Researchers Analyze Mechanical Properties of Polymer Nanoparticles

Researchers Analyze Mechanical Properties of Polymer Nanoparticles

Researchers from University of Delaware identified mechanical properties of nanoparticles that can be used to create novel products

Materials made with polymer nanoparticles possess the capability to develop novel products. However, several of the properties of nanoparticles are not yet understood. Now, a team of researchers from Max Planck Institute (MPI) for Polymer Research in Germany, Princeton University, and the University of Trento, led by Hojin Kim, a graduate student in chemical and biomolecular engineering at the University of Delaware, identified new mechanical properties of polymer nanoparticles. The findings that include properties such as surface mobility, glass transition temperature, and elastic modulus, were published in the journal Nature Communications on July 25, 2018.

The team was directed by MPI Prof. George Fytas and used Brillouin light spectroscopy, a technique that examines the vibrations of microscopic nanoparticles to describe their molecular properties. The team analyzed the vibration between each nanoparticle to understand the change in their mechanical properties at different temperatures. The characteristics of polymer nanoparticles are distinguishable from those of larger particles of the same material as nanostructure and small size of the particles provide different mechanical properties.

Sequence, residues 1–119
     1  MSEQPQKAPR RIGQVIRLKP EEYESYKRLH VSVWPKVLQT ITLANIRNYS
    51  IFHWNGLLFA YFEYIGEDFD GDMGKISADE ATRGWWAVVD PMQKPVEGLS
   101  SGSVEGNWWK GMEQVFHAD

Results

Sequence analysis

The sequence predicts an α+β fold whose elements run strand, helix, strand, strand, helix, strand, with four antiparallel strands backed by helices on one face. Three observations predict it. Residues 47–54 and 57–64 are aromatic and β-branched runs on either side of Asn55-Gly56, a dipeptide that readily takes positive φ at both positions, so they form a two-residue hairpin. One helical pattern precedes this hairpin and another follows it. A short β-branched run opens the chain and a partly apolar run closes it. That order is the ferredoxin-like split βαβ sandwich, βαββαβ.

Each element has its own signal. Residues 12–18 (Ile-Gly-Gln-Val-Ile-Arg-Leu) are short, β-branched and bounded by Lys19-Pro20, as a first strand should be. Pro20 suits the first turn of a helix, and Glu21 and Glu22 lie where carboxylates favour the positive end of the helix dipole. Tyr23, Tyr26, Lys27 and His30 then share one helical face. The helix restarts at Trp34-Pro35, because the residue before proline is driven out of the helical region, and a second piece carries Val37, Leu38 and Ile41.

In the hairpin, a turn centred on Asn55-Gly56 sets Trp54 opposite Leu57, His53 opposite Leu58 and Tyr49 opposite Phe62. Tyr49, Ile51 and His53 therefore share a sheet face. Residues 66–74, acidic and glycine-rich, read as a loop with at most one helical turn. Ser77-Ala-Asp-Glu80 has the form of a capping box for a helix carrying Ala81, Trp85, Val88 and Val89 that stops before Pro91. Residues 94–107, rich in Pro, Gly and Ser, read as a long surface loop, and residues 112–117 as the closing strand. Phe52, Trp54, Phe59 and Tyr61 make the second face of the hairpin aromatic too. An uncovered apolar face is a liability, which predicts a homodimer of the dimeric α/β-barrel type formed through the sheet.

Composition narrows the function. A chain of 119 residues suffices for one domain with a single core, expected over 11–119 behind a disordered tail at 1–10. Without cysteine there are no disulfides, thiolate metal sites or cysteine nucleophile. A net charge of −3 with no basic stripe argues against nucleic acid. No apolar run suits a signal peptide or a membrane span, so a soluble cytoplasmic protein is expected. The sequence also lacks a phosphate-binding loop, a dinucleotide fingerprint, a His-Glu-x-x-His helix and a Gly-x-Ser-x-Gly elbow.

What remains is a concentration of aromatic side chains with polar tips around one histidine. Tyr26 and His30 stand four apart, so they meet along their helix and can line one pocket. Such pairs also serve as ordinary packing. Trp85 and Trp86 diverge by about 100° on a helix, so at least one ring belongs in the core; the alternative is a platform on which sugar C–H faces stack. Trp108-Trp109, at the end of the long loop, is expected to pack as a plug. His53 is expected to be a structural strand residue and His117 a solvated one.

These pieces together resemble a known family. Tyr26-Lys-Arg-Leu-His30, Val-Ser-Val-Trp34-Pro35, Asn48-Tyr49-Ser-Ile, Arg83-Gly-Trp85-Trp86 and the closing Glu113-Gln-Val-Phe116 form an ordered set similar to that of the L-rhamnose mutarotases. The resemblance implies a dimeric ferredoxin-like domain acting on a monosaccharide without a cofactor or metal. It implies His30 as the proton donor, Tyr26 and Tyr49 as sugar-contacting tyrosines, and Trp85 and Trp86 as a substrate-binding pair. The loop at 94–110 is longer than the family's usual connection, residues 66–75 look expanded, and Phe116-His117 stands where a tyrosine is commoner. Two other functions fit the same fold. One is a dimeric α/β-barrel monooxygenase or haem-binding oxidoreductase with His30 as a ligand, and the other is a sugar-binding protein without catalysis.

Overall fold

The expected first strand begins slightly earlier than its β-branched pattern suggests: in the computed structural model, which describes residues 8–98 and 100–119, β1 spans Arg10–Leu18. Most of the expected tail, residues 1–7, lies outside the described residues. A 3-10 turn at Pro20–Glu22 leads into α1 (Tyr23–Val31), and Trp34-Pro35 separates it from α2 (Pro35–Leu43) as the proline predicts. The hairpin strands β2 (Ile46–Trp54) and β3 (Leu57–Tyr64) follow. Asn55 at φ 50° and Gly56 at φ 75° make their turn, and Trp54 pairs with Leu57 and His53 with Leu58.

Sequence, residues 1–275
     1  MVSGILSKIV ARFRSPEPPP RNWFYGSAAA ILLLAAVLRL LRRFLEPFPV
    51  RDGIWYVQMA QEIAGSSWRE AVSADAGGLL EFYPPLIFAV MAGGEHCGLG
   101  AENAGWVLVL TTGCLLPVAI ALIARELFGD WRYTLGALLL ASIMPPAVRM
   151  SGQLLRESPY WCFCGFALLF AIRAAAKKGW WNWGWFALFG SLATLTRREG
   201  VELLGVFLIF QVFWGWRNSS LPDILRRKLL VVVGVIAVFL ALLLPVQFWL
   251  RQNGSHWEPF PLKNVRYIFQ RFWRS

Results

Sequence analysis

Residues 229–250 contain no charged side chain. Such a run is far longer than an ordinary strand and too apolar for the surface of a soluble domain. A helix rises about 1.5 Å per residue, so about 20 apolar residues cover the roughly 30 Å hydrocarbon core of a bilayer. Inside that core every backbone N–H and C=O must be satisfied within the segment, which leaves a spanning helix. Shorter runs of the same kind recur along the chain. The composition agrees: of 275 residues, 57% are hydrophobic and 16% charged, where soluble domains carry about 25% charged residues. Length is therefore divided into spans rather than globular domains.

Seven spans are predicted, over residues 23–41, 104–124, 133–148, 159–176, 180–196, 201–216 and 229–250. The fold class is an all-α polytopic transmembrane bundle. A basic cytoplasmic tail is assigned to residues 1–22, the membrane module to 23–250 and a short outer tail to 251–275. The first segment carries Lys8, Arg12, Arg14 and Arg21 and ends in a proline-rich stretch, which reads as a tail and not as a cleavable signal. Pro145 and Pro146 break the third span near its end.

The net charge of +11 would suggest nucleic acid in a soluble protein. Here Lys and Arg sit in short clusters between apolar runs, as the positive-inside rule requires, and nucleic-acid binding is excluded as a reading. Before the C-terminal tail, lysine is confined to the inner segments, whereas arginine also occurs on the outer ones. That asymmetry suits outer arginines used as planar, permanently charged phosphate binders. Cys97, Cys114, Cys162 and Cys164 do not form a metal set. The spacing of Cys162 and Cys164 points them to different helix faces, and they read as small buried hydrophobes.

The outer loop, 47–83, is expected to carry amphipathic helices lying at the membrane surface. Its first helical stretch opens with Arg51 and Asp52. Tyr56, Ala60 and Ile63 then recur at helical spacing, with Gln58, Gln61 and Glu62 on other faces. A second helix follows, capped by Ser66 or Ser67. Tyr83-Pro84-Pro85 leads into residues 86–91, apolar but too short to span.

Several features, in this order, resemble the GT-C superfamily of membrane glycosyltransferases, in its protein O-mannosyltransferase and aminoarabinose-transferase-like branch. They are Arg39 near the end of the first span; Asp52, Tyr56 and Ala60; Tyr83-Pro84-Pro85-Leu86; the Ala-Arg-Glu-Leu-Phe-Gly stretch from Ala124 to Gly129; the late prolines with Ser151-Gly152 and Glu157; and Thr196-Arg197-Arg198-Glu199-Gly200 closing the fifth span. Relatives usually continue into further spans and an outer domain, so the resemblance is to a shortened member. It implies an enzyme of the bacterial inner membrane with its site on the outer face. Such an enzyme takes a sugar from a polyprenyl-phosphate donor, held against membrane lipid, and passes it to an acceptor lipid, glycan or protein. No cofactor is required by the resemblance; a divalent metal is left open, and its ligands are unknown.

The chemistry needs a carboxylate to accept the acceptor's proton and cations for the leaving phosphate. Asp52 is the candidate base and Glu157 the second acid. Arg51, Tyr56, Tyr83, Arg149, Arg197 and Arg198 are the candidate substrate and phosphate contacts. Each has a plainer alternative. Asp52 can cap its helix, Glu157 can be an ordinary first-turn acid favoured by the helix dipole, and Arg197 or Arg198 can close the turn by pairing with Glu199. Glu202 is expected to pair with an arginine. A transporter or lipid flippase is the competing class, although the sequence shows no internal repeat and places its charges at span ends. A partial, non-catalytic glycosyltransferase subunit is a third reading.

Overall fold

Polymer nanoparticles are flexible at the glass transition temperature as they soften from a stiff texture to a soft one. This is owing to ease in activation of polymer mobility at small particle surfaces. The team found that thermal transition in polystyrene nanoparticles occurs at 343 Kelvin, which is known as the softening temperature. This temperature is below a glass transition temperature of 372 K of the nanoparticles. Nanoparticles do not vibrate when heated at this point and stand completely still.

Such phenomenon was not evident previously and the team found evidence to suggest that this temperature activates a highly mobile surface layer in the nanoparticle. When particles are heated up between their softening temperature and glass transition temperature, the interaction between the particles increase. Previous researches proposed that glass transition temperature drops with decrease in particle size, owing to the differences in particle mobility. However, these researches failed to directly observe the phenomenon. In the current research, the team studied interactions between the nanoparticles to identify their elastic modulus.

Edwin Derek

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